Rediscovering the Trinity (Part Two)

More highlights from last week’s Wheaton College conference on “Rediscovering the Trinity”:

Jonathan R. Wilson (Carey Theological College) and Steven M. Studebaker (McMaster Divinity College) gave presentations on the Trinity and the created world.

Wilson summarized the thought of several theologians concerning the role played by each Person of the Trinity in creating and sustaining the cosmos. The late Colin Gunton, for example, elaborated on Irenaeus’ metaphor that the Son and the Spirit are the two hands of God in the world. Gunton suggested that the Son is the unifying power of creation, reconciling all things and holding them together by his atonement, while the Spirit is the particularizing power of creation, guiding each part to reach that perfection appropriate to its nature. Through them, the Father both prevents creation from slipping back into chaos and restores its teleology.

Meanwhile, according to Wilson, theologian Robert Jenson observed that the Trinitarian doctrine of creation answers “both/and” to the question of whether God created the world for His glory or to have someone to love. In the Trinity, God’s love and God’s glory are one. The Father initiates creation, the Son makes it good, and the Spirit sets it free to be distinct from God.

So how does this apply to our life? If all we have is God the initial creator, we are bound to inflexible structures of the created order, and fall into legalism and fatalism. We try to live according to the pattern He has laid down, but there is no redemptive activity of God in the world to help us. On the other hand, if all we have is the Spirit immanent in creation, we end up deifying nature and losing our identity as humans. There is no God apart from nature to give it meaning beyond itself–no teleology.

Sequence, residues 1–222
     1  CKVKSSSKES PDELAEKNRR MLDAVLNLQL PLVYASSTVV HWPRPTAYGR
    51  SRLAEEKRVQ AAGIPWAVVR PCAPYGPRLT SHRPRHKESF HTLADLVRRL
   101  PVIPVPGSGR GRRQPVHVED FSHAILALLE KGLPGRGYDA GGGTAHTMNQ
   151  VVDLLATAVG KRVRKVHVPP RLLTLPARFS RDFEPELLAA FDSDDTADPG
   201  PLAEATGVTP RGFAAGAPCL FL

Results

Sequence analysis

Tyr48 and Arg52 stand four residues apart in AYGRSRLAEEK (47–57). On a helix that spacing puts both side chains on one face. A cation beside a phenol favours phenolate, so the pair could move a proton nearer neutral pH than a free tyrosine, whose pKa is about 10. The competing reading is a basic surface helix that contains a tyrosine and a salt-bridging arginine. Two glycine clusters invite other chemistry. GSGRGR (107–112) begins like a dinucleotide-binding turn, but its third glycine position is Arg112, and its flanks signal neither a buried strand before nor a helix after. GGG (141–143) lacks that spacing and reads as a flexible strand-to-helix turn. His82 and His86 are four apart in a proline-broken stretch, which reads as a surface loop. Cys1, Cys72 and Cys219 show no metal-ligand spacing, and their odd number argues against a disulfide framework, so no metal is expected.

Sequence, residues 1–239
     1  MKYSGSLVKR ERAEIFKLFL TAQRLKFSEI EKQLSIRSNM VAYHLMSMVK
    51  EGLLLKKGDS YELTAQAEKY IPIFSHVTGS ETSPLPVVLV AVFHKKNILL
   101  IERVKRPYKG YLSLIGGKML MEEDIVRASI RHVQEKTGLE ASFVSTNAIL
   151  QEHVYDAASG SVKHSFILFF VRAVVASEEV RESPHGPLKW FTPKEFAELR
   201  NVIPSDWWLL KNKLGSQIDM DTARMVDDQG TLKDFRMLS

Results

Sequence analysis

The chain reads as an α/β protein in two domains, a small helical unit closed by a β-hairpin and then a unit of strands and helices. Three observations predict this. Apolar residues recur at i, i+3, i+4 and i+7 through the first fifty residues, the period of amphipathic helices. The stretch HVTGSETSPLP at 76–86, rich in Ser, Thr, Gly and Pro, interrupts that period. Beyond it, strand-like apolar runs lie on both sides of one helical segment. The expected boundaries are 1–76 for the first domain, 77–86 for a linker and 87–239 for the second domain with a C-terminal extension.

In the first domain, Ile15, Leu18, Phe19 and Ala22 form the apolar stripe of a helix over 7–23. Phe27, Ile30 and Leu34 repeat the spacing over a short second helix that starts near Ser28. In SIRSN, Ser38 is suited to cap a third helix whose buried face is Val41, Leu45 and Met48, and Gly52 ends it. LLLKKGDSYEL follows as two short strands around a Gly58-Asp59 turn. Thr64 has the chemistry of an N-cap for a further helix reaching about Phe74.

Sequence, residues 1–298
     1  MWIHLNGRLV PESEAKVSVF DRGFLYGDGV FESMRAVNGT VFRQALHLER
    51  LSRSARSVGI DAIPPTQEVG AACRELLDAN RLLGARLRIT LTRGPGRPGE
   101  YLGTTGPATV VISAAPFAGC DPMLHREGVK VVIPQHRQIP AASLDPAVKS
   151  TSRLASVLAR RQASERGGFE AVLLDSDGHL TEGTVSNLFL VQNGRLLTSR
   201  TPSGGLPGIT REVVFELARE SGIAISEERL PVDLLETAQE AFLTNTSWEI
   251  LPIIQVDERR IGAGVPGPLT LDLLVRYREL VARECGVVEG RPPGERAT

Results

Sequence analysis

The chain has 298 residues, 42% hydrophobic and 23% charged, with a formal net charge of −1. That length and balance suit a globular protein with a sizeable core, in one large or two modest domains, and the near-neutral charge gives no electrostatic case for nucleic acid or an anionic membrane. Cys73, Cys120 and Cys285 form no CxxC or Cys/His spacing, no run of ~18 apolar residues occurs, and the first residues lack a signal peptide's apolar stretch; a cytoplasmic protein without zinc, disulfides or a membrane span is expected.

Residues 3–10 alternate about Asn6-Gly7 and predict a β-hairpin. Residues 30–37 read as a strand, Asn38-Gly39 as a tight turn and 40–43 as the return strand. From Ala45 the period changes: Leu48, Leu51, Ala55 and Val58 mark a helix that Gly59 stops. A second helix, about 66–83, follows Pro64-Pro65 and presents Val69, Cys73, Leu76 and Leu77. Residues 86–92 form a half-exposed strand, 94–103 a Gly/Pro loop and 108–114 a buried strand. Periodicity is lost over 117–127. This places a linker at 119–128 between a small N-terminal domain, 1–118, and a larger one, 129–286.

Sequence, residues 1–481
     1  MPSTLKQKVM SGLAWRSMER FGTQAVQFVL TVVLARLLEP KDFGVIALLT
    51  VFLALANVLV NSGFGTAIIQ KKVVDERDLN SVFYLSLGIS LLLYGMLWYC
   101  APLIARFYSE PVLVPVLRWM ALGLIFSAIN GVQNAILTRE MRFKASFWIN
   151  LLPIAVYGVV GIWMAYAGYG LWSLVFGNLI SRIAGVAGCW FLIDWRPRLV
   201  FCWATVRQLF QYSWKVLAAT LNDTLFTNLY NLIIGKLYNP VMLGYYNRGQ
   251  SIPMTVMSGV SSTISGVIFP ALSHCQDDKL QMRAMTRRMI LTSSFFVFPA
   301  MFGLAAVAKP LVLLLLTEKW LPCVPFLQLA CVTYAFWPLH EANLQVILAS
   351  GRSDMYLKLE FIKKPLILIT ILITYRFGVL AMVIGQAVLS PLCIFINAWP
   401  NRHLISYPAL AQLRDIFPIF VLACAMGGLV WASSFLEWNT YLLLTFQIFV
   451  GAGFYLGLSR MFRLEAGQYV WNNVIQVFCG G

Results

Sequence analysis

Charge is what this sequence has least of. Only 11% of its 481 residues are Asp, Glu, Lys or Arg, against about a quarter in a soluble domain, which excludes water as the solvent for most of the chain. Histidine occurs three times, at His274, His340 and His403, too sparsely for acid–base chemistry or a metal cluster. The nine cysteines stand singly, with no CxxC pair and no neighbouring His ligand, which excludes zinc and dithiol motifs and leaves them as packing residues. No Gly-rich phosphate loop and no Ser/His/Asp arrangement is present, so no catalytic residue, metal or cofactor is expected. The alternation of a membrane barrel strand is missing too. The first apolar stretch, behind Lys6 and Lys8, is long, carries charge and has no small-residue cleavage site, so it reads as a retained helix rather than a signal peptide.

One frequent error in Christian spirituality is a proto-Gnostic view of creation as simply a fallen realm from which we must be rescued. The good news of redemption is separated from the goodness of creation, severing Son from Father and Spirit. Because of the Spirit, when I receive a new life in Christ, it doesn’t mean that my identity is wiped out. My particular self is part of God’s originally good creation, though flawed by sin.

Studebaker spoke of “creation care” (good ecological practices) as a spiritual discipline. Why do Christians worry about the music we listen to and the clothes we wear, while being indifferent to our consumption habits and their impact on the planet? This has to change. We’re not used to caring for the environment as part of our Christian responsibility, because we think too much about the afterlife and the end times, sometimes even rejoicing over natural disasters as signs that the Second Coming is near.

But Christ doesn’t just save our “souls” for “heaven”. Romans 8 speaks of “the whole creation” groaning for redemption. If our groans arise from the Spirit, so does the cry of the nonhuman creation, seeking liberation from bondage to decay. The Spirit is the breath of life in all creation and is devoted to bringing it into loving fellowship with God. We can participate here and now in God’s life-giving love by caring for His world.